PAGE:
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Les Mills research: CXWORX

cxworx header image
cxworx header image

The effects of CXWORX group fitness classes and exercise on stress and the quality of life of medical student Background

The life of a medical student is stressful and as a result, there can be serious consequences on student health such as high burnout, high rates of depression, stress, low quality of life and fatigue. This distress has negative effects on both a personal level – including substance abuse, broken relationships, suicide, attrition from the profession - as well as negative effects on a professional level including cynicism that may subsequently affect student care of patients, relationships with faculty, and the culture of the medical profession. For this study, researchers from the University of New England College of Osteopathic Medicine hypothesized that:

  •  participation in regular exercise yields a decrease in perceived stress while increasing physical, mental and emotional quality of life or QOL

 participation in group fitness classes yields greater stress reduction and QOL improvement than exercising on an individual basis


Researchers recruited 69 medical students – a group known for high levels of stress and self-reported low quality of life – and allowed them to self-select into a 12-week exercise program, either within a group setting or as individuals or they could elect to be in the control group and do no exercise for the 12 week period.

Those participating in group exercise spent 30 minutes at least once a week doing CXWORX™, a core strengthening and functional fitness training program.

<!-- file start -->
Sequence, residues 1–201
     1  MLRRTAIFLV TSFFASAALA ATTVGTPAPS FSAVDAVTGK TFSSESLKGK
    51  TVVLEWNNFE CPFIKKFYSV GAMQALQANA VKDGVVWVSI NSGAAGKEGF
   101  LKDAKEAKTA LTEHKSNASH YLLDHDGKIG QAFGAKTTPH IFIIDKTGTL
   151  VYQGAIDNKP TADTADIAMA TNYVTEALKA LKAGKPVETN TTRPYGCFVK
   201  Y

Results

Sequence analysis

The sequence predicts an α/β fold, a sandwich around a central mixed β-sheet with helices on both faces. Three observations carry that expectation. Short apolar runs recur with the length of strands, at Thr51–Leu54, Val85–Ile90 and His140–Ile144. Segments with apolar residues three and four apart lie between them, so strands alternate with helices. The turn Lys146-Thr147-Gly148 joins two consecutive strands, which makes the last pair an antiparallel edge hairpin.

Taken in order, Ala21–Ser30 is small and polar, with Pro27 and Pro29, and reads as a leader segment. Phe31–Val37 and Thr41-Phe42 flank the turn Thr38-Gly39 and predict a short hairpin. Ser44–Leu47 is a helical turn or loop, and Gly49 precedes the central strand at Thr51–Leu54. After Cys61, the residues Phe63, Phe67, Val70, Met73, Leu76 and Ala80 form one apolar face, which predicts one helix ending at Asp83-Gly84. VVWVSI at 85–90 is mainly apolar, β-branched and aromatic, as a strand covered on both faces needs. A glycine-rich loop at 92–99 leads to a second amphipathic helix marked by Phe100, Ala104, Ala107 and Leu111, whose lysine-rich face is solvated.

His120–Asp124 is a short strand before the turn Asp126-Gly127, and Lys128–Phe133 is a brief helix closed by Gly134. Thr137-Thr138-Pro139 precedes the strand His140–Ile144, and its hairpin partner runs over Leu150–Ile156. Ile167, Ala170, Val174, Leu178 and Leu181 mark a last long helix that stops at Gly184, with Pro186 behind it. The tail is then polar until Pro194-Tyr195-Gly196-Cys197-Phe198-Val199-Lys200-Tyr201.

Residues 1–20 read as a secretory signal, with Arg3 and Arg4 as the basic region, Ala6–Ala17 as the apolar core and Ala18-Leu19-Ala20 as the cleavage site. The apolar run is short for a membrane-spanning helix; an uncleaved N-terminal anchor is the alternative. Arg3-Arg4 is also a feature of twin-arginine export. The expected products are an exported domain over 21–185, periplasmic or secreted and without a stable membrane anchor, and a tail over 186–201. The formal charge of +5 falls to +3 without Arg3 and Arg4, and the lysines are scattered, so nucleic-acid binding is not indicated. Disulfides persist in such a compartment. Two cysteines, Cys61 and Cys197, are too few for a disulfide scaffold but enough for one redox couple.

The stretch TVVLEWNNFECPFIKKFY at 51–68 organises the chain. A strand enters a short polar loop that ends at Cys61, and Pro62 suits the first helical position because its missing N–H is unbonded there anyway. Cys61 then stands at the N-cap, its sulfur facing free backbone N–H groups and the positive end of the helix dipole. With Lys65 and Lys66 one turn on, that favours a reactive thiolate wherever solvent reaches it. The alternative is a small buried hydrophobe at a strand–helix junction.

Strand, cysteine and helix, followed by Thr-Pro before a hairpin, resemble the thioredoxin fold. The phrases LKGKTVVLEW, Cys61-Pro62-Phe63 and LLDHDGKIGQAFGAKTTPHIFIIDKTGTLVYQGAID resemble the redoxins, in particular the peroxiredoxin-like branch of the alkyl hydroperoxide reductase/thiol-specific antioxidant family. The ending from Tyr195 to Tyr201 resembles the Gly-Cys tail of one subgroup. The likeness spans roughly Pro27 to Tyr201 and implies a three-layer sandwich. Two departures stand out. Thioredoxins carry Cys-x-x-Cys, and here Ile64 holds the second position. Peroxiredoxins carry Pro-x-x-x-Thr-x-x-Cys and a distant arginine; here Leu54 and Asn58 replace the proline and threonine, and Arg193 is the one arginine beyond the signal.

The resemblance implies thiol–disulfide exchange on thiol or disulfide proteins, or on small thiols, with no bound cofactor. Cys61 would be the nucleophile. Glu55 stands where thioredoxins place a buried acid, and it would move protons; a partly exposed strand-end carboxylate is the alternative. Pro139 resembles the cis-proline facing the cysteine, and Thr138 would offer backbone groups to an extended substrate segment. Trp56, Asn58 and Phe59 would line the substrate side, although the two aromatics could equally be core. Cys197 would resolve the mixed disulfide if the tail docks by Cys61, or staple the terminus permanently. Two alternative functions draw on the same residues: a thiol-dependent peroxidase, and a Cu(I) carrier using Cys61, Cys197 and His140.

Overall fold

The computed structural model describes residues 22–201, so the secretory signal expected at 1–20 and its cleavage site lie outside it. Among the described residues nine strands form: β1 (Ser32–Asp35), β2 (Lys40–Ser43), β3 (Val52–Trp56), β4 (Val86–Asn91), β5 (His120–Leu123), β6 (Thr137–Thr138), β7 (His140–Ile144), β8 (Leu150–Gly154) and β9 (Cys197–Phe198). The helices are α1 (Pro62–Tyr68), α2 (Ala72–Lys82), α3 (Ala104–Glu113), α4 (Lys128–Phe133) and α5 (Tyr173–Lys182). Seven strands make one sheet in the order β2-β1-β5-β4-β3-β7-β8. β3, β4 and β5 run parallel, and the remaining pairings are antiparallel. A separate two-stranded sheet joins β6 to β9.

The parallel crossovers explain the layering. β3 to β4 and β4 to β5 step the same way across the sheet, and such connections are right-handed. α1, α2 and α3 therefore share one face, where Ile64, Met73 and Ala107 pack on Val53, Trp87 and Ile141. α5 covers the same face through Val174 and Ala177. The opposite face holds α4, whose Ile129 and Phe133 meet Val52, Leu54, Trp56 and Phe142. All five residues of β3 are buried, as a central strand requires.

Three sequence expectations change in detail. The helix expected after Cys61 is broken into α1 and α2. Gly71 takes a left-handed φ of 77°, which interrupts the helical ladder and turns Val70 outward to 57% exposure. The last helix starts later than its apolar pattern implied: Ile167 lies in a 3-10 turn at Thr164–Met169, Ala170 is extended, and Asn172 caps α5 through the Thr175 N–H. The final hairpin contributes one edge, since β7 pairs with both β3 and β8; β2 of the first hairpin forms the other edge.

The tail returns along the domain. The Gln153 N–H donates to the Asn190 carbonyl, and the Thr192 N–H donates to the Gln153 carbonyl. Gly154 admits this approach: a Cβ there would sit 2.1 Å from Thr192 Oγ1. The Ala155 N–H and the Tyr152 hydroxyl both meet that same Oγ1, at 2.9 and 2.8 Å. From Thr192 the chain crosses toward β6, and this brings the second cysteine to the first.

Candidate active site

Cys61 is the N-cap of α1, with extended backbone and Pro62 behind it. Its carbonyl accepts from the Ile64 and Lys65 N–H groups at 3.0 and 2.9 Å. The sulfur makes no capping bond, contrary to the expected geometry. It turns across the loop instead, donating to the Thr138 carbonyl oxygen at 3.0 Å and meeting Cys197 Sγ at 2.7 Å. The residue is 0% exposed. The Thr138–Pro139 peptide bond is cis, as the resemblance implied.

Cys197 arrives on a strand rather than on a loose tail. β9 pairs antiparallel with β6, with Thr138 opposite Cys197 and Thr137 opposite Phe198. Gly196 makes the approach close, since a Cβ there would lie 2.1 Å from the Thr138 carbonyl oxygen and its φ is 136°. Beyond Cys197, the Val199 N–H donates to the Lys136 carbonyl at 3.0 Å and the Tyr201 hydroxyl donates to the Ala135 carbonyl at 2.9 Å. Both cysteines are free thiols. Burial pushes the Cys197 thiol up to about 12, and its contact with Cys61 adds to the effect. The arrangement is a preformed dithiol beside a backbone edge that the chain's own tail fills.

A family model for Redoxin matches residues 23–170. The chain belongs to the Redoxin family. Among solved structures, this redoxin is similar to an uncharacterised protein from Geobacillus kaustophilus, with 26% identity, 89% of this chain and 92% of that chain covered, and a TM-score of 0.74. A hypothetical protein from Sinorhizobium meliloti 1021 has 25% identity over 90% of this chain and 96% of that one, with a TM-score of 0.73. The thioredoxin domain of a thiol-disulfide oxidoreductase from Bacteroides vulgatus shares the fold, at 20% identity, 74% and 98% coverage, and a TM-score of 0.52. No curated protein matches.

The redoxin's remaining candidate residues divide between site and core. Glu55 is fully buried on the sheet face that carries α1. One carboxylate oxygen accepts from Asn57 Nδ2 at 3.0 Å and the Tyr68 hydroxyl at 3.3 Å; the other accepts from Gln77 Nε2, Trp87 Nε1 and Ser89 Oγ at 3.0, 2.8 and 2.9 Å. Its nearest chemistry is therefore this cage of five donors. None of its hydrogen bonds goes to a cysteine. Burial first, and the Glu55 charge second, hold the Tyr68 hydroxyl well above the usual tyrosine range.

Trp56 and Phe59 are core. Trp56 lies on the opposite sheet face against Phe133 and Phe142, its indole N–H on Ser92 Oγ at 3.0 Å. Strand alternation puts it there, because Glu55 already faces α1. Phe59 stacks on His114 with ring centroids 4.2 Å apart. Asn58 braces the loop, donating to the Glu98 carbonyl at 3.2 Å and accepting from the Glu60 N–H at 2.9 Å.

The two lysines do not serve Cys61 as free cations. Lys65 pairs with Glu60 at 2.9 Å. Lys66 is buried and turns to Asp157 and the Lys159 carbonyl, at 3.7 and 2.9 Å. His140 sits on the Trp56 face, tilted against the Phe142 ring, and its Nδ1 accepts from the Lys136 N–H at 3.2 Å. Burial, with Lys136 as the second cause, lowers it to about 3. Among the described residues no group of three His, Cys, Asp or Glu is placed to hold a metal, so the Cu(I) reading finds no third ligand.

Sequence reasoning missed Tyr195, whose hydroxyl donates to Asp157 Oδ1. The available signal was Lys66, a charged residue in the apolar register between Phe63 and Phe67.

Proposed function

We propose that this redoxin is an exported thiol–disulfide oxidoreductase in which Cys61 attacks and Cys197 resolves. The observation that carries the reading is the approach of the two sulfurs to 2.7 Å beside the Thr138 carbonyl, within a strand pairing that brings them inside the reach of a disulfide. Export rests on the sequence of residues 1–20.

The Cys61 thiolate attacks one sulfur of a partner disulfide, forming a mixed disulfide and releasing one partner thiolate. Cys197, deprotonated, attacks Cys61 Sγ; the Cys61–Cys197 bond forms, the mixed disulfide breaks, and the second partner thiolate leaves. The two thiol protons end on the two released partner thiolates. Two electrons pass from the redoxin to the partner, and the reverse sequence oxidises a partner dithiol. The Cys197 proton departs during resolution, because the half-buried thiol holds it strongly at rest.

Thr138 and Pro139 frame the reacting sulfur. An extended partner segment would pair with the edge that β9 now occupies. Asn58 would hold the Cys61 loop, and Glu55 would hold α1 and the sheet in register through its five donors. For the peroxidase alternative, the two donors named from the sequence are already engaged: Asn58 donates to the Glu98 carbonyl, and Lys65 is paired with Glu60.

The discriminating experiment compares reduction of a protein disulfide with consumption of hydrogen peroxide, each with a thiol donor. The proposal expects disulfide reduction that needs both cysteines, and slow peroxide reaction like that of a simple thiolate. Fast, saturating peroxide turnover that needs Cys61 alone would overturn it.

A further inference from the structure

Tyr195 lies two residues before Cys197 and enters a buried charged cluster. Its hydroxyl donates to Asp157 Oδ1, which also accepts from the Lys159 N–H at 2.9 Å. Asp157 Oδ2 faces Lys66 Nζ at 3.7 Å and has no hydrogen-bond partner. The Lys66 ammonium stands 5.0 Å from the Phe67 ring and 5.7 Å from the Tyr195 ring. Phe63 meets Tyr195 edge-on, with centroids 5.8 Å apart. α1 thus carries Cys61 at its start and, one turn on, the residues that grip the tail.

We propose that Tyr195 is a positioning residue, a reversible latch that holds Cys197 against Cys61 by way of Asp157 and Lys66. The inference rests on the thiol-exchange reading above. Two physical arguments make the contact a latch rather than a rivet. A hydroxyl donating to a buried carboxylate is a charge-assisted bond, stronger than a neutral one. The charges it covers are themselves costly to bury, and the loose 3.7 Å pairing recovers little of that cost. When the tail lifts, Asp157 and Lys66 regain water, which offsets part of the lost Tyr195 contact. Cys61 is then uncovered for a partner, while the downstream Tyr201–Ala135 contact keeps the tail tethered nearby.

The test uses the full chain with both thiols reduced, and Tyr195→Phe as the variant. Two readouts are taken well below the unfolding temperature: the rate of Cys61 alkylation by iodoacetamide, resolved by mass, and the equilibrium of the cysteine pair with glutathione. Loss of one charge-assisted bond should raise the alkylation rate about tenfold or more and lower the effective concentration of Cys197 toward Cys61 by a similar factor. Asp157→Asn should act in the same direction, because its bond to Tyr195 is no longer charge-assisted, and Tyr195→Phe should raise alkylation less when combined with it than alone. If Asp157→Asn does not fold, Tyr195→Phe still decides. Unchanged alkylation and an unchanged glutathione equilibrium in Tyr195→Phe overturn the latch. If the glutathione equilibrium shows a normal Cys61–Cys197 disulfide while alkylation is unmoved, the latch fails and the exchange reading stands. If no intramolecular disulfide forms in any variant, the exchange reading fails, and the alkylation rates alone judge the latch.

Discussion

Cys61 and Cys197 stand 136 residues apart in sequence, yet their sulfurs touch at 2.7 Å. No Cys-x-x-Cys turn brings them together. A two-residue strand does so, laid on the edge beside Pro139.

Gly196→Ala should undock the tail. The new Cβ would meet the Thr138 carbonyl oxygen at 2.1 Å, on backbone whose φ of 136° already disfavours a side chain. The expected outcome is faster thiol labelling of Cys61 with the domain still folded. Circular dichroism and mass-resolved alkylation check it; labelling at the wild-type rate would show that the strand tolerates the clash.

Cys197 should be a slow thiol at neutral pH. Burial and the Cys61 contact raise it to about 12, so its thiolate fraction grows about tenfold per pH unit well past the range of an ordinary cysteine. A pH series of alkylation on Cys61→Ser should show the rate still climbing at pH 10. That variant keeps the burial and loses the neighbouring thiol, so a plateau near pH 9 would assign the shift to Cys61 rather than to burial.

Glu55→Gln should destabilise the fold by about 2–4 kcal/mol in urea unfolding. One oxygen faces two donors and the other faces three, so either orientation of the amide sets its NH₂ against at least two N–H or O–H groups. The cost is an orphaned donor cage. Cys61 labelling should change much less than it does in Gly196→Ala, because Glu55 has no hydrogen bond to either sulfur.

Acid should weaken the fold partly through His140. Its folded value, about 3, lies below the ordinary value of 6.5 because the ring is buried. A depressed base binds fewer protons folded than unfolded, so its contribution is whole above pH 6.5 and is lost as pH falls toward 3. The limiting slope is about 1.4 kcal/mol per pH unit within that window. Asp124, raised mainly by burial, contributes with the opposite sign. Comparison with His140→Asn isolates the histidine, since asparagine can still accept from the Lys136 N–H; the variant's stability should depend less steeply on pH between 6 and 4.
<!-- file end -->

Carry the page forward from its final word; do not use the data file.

By comparison, individual fitness participants were allowed to maintain any exercise regime they preferred, which could include activities like running and weightlifting, but they had to work out alone or with no more than two partners.

Every four weeks participants completed surveys to assess exercise, perceived stress (PSS) and mental, physical and emotional QOL.


Participation in regular CXWORX group fitness classes improved the students’ quality of life, evident by their mean monthly survey scores. The specific improvements in quality of life measures included: mental 12.6%, physical 24.8% and emotional 26%.

They also reported a 26.2 per cent reduction in perceived stress levels.

On average, the solitary exercisers worked out twice as long, and saw no significant changes in any measure, except in mental state (11% improvement). The non-active control group also saw no significant changes in quality of life or perceived stress levels.


CXWORX participation leads to an improvement in medical student well-being, which may lead to happier, healthier students and physicians. The communal benefits of coming together with friends and colleagues, and doing something difficult, while encouraging one another, pays dividends beyond exercising alone.

If physicians lead by example and live healthier lifestyles, then they uphold the integrity necessary to inspire change in their patients.

A link to the published abstract in the The Journal of the American Osteopathic Association is available here